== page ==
There is equipment made for many different purposes / tastes. Many of us love the pursuit because we enjoy using our analytical skills. But these can lead us away from what we really wanted when we started.
I’ll have to look this up.
I feel I’ve finally “come out the other side,” blessedly.
Lets say you go out to eat. All you want is a steak cooked right but the chef has it too salty or too well or its too tough. You never would have "evaluated' the steak quality unless some "distortion" would have caught your attention. You intended to simply enjoy the steak meal but you were jarred out of your naïve wish but these cooking errors. And so it is with audio for me and I suspect for most of us. We fully intend to just sit back and enjoy our choice of music when we are jolted by the "too much salt" issue. We weren't looking for the "distortion" but it forced itself into our palate uninvited. Are audiophiles too picky. spoiled OCD obsessives looking for blemishes in a blemished world? Maybe. But frankly the crap some people tolerate calling itself music reproduction is the reason so few bother or believe music can be an exhilarating. engaging, and an enlightening experience. My American made Raven Audio Integrated tube amp while one of the least expensive options on my wish list, ended up being all I could have dreamed of and more. Line Magnetic,Leben, Primaluna, Vincent, all vied for my loyalty. Sorry to mention brands but I searched a long time. Read reviews endlessly. Years buying, trading, auditioning, .....I feel like one of the three bears! This is "just right"! You'll know it when you hear it. No tweak like top grade equipment.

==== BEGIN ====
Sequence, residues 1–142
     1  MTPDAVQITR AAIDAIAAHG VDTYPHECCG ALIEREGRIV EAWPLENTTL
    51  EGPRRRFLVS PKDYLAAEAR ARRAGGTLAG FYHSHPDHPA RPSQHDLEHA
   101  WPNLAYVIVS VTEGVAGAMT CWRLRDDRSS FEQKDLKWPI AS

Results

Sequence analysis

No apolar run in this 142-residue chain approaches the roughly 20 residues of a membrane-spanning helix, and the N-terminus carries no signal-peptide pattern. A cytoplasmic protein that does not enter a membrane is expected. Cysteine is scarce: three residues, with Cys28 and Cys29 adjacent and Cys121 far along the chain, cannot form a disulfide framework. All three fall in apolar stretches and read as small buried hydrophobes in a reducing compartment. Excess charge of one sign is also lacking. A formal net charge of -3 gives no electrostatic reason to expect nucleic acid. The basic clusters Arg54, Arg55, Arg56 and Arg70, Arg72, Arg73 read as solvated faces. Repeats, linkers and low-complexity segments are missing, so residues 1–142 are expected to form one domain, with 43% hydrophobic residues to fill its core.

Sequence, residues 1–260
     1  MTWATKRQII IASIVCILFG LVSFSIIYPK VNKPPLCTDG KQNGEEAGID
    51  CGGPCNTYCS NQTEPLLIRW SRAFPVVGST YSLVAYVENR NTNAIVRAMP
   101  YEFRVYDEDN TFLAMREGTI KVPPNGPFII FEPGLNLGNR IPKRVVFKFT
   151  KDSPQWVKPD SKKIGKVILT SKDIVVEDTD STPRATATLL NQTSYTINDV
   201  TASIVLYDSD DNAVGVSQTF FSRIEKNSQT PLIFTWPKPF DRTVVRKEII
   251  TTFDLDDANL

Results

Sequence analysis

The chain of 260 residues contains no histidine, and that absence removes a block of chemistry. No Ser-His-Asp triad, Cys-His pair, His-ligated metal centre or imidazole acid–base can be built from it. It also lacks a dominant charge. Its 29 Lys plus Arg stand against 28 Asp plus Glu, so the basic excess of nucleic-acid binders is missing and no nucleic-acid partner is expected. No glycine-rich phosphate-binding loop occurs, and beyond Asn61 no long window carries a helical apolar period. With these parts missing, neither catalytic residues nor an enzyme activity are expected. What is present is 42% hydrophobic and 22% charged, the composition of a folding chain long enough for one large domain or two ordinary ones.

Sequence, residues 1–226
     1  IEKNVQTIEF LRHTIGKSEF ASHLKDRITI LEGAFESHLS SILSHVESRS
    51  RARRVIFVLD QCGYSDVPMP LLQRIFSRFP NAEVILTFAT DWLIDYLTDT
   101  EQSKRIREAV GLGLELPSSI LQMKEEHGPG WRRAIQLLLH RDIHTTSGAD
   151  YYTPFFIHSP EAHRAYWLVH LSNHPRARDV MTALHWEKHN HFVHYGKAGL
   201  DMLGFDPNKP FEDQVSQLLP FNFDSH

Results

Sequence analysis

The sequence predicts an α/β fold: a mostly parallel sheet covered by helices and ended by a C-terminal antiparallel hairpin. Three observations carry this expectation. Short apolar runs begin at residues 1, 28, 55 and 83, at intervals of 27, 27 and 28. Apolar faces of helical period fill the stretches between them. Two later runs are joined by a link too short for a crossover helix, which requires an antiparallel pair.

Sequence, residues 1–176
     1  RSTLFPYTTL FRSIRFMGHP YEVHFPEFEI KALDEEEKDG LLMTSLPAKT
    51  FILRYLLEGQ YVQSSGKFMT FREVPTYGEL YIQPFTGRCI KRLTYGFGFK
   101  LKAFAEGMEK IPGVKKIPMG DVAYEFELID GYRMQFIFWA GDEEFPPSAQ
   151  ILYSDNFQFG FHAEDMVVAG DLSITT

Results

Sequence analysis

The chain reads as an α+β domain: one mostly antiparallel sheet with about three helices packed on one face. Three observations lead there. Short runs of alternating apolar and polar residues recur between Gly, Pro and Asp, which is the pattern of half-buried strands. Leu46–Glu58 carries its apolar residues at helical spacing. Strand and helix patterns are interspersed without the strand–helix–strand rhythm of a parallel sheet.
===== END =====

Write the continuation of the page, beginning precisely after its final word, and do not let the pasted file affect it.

very well made point (well, at least up to the point you mentioned the raven amp 😂)
no, seriously, this is an apt description of what i go through sometimes, when i sit down to listen for a while.... i am listening to the music till something starts to grate sonically (of course i make allowances if it is new music, thus just the recording quality)... i make a mental note of what the sonic ’problem’ is... keep listening, if it recurs, then i am flipped into problem solving mode, and out of just ’enjoy the performance’ mode --
just like as you say, i want to enjoy the steak - then bite in and think 'man this is real chewy...'